Charles Leo "Gabby" Hartnett, nicknamed "Old Tomato Face", was an American professional baseball player and manager. He played almost his entire career in Major League Baseball as a catcher with the Chicago Cubs, from 1922 to 1940. He spent the final season of his career as a player-coach with the New York Giants in 1941. After his playing career, he continued his involvement in baseball as a coach and as a minor league manager.
Paul Rapier Richards was an American professional baseball player, manager, scout and executive in Major League Baseball. During his playing career, he was a catcher and right-handed batter with the Brooklyn Dodgers (1932), New York Giants (1933–35), Philadelphia Athletics (1935) and Detroit Tigers (1943–46). After retiring, he became the manager of the Chicago White Sox and Baltimore Orioles (1955–61). He also served as the General Manager for the Orioles, the Houston Colt .45s and the Atlanta Braves.
William Joseph Rigney was an American infielder and manager in Major League Baseball. A 26-year big-league veteran, Rigney played for the New York Giants from 1946 to 1953, then fashioned an 18-year career as a manager with the Giants, Los Angeles/California Angels and Minnesota Twins. The Bay Area native was the last manager of the Giants in New York City (1957), and their first in San Francisco (1958). Three years later, Rigney became the first manager in Los Angeles Angels of Anaheim franchise history.
Adolph Louis Camilli was an American first baseman in Major League Baseball who spent most of his career with the Philadelphia Phillies and Brooklyn Dodgers. He was named the National League's Most Valuable Player in 1941 after leading the league in home runs and runs batted in as the Dodgers won the pennant for the first time since 1920. He was the ninth National League player to hit 200 career home runs, and held the Dodgers franchise record for career home runs from 1942 to 1953. His son Doug was a major league catcher in the 1960s. His brother, who boxed under the name Frankie Campbell, died of a cerebral hemorrhage following a 1930 match with Max Baer.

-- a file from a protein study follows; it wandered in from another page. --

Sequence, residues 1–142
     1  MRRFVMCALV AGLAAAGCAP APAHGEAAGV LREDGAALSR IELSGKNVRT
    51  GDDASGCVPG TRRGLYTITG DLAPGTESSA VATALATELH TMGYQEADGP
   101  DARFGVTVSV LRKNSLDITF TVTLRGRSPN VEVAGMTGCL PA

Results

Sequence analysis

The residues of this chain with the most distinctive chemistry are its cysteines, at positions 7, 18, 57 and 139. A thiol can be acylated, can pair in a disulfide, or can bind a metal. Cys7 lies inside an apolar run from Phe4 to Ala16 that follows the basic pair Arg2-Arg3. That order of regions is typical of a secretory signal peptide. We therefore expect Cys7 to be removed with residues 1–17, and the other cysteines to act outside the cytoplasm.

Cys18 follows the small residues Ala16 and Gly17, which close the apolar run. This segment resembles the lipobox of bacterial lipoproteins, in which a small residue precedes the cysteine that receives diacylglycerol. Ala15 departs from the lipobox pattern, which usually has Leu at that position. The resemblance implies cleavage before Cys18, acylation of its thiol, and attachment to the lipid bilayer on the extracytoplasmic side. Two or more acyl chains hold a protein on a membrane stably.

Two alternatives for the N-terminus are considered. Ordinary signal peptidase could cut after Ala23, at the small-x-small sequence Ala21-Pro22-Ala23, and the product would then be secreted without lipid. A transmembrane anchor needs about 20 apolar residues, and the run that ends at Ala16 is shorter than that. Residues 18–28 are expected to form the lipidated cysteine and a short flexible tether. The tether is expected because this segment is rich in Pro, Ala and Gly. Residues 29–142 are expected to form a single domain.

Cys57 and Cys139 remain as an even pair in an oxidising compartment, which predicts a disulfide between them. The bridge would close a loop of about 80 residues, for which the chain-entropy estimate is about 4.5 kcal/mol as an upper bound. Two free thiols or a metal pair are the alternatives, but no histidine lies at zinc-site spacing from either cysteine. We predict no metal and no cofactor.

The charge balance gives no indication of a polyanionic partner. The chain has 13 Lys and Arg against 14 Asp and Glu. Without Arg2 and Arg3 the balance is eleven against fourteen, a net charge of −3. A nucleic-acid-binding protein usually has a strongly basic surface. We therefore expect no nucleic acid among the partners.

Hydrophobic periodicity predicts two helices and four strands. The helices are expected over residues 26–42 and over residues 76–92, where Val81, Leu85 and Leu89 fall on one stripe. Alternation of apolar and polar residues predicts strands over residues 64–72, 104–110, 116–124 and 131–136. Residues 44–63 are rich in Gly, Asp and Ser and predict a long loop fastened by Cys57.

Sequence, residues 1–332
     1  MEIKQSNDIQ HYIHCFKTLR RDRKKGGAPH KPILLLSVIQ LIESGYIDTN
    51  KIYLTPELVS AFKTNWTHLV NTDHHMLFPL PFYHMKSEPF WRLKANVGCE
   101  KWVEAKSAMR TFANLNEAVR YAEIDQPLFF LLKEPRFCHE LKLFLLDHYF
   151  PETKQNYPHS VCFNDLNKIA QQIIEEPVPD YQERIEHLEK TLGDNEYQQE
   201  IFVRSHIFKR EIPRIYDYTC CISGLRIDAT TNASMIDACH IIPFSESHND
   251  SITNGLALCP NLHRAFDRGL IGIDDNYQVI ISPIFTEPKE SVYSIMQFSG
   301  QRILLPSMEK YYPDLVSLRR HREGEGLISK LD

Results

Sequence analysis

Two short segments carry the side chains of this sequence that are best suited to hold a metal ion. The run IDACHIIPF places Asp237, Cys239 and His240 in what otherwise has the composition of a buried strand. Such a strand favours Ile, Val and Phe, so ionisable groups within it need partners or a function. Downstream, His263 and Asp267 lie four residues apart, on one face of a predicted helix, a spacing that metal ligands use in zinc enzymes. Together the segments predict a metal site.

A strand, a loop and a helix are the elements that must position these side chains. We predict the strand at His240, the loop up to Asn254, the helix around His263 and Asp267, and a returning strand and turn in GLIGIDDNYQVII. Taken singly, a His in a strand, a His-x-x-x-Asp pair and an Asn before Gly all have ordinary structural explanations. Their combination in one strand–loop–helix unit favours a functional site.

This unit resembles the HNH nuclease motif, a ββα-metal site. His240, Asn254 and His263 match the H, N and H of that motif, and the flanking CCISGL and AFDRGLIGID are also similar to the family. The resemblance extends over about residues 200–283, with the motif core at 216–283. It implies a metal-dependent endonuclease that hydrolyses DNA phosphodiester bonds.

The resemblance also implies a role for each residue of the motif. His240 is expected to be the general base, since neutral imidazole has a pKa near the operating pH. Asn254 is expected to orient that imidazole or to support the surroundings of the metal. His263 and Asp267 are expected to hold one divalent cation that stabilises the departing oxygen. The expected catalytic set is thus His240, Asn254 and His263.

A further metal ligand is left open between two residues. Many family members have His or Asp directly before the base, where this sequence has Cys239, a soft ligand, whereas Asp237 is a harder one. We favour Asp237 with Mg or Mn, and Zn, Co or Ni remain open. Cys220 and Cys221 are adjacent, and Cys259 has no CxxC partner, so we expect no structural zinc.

John Lester Moss was an American professional baseball player, coach, scout and manager. He played in Major League Baseball as a catcher for the St. Louis Browns for the most significant portion of his career, and was a backup catcher almost all his career.
James Anthony "Ripper" Collins was an American professional baseball player, coach and scout. He played in Major League Baseball (MLB) as a first baseman for the St. Louis Cardinals, Chicago Cubs, and the Pittsburgh Pirates. A switch hitter who threw left-handed, Collins was listed as 5 feet 9 inches (1.75 m) tall and weighed 165 pounds (75 kg), during his playing days. Despite his stature, he was a power hitter who in 1934 co-led the National League (NL) with 35 home runs (HR).
James Wren "Zack" Taylor was an American professional baseball player, coach, scout and manager. He played in Major League Baseball as a catcher with the Brooklyn Robins, Boston Braves, New York Giants, Chicago Cubs, New York Yankees, and again with the Brooklyn Dodgers. Although Taylor was not a powerful hitter, he sustained a lengthy career in the major leagues due to his valuable defensive abilities as a catcher. After his playing career, he became better known as the manager for the St. Louis Browns owned by Bill Veeck. His baseball career spanned 58 years.
David Garcia was an American coach, scout and manager in Major League Baseball who spent over 65 years in professional baseball. He served as manager of the California Angels (1977–78) and Cleveland Indians (1979–82). Including three games as acting manager of the 1975 Indians, during his first coaching tenure there, he compiled a career record of 310 wins and 311 defeats (.499).